}

    public class Run : Movement
    {
        public Run() : base(3,5){}
    }
Edited by Alpha_ProgDes
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The IAdd interface to me is kind of weird, you're modeling a behavior (imo a good thing when it comes to interfaces), but it feels like two of the same behaviors...one as an abstract class and the other as an interface (Step vs moveXUnit), which basically are two differently named ways of doing the same exact thing. To me, if you want to define behaviors like "Move along X axis", "Move along y axis", "Move along x/y", those would be individual interfaces that something like Movement would implement. In that case, what would "Step" mean? Just feels redundant and muddying behavior.

 

Simple example granted, but defining behaviors like that in this way is kind of restricting in my opinion too. You may be able to skip, run, and hop, but that's the manner of how you do it (e.g. speed and other influences like hopping up and down), those behaviors don't need to care where you're moving. So Movement to me sounds like it should model how you're moving, and it gets used by, or itself operates on another object (interface) that models where you're moving.

Edited by Starnick
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I understand that its a arbitrary example to learn the strategy pattern. But it is not aptly applied. The strategy pattern is a way to encapsulate algorithms and make them easily interchangeable. You would never use a design pattern for something as trivial as movement speed and animation change.
Movement can however be aptly applied to a strategy pattern example using your movement types:
public class Program
{
    public static void Main()
    {
        //game initialize phase:
        //constructing the objects in our game
        GameObject[] movingObjects = new GameObject[10]; 
        for(int i = 0; i < movingObjects.Length; i++)
        {
            movingObjects[i] = new movingObject();
            movingObjects[i].SetMoveStrategy(new BasicMovement());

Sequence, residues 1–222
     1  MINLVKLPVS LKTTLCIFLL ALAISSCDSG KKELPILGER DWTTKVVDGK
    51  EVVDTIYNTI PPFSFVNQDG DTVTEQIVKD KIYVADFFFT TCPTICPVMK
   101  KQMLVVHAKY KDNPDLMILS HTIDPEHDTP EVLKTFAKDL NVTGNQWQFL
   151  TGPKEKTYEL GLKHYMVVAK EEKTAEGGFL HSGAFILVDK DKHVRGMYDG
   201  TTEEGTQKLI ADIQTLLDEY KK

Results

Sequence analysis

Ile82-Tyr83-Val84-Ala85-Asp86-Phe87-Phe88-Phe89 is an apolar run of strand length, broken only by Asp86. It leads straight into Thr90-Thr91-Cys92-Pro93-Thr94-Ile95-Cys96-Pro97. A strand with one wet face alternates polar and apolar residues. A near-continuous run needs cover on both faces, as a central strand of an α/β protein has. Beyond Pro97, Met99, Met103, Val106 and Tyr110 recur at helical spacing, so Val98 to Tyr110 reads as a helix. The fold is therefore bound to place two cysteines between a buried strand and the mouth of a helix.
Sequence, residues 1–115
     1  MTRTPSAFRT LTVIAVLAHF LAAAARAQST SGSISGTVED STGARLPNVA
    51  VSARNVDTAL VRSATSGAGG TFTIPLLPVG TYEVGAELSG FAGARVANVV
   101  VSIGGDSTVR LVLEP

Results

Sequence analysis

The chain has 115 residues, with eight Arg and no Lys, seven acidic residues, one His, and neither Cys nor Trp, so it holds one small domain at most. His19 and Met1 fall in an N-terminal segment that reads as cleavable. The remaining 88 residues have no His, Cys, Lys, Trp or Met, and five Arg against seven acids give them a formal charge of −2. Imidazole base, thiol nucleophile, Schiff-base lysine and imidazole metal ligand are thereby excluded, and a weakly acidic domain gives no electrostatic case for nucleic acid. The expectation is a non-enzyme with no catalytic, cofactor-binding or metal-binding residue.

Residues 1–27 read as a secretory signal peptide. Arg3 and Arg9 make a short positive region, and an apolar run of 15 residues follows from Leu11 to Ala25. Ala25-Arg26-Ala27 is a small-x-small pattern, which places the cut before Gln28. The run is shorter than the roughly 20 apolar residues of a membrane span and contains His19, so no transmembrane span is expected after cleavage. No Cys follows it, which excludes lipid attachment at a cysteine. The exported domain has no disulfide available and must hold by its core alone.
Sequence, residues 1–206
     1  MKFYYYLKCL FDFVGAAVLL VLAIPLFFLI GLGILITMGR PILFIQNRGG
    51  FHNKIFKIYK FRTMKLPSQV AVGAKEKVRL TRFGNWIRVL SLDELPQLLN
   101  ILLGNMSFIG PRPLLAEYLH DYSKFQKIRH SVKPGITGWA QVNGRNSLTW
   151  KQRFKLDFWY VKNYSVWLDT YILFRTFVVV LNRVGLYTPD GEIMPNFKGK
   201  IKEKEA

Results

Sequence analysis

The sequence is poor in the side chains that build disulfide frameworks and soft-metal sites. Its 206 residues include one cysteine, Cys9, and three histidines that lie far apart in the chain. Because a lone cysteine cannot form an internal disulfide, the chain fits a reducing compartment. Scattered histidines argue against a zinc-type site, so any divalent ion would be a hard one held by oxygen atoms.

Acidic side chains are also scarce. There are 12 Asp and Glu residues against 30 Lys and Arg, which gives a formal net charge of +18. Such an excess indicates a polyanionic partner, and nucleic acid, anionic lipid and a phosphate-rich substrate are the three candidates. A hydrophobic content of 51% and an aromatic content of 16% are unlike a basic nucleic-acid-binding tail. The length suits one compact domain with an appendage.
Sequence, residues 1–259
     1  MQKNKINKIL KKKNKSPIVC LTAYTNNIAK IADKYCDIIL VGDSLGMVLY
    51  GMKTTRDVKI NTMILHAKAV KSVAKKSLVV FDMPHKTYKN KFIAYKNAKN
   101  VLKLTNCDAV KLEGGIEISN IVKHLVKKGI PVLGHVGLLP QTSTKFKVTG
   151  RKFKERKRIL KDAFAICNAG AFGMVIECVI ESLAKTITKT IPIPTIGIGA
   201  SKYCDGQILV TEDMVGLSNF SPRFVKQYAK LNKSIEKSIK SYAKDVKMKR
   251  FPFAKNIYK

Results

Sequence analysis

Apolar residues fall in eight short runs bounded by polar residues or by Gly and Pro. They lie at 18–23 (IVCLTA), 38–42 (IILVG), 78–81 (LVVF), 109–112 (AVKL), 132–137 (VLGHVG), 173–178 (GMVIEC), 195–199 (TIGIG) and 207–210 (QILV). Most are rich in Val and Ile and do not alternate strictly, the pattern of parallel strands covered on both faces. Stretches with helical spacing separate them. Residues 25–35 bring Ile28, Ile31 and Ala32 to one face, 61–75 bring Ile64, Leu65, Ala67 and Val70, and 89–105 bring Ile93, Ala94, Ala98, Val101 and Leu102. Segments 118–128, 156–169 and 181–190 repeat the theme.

}
        //set object 1 to use astar
        movingObjets[1].SetMoveStrategy(new AStarMovement);
 
        //game update phase:
        //showcasing polymorphysism
        //we don't care which movement algorithm is selected for the game objects we simply want them all to move.
        for(int i = 0; i < movingObjects.Length; i++)
        {
             movingObject.Move(MovementType.Walk);
        }
    }
}
 
public class GameObject //context of strategy pattern
{ 
    private MovementStrategy movementStrategy;
 
    public void SetMoveStrategy(MovementStrategy movementStrategy)
    {
         this.movementStrategy = movementStrategy;
    }
 
    public void Move(MovementType movementType)
    {
         movementStrategy.Move(movementType);
    }
}
 
public enum MovementType
{
    Skip,
    Walk,
    Run
}
 
public abstract class MovementStrategy //interface of strategy pattern
{
    public abstract void Move();
}
 
public class BasicMovement : MovementStrategy //concrete strategy
{
    public override void Move(MovementType movementType)
    {
        //Basic Movement algorithm here, differentiate by movement type.
    }
}
 
public class BreadCrumbMovement : MovementStrategy //concrete strategy
{
    public override void Move(MovementType movementType)
    {
         //Bread Crumb algorithm here, differentiate by movement type.
    }
}
 
public class AStarMovement : MovementStrategy //concrete strategy
{
    public override void Move(MovementType movementType)
    {
         //A Star algorithm here, differentiate by movement type.
    }
}
 
The base keyword is not used at all to demonstrate the strategy pattern. It is used for "inheriting" constructor arguments passed to the base class or to reference it implicitly. Edited by Slowvomit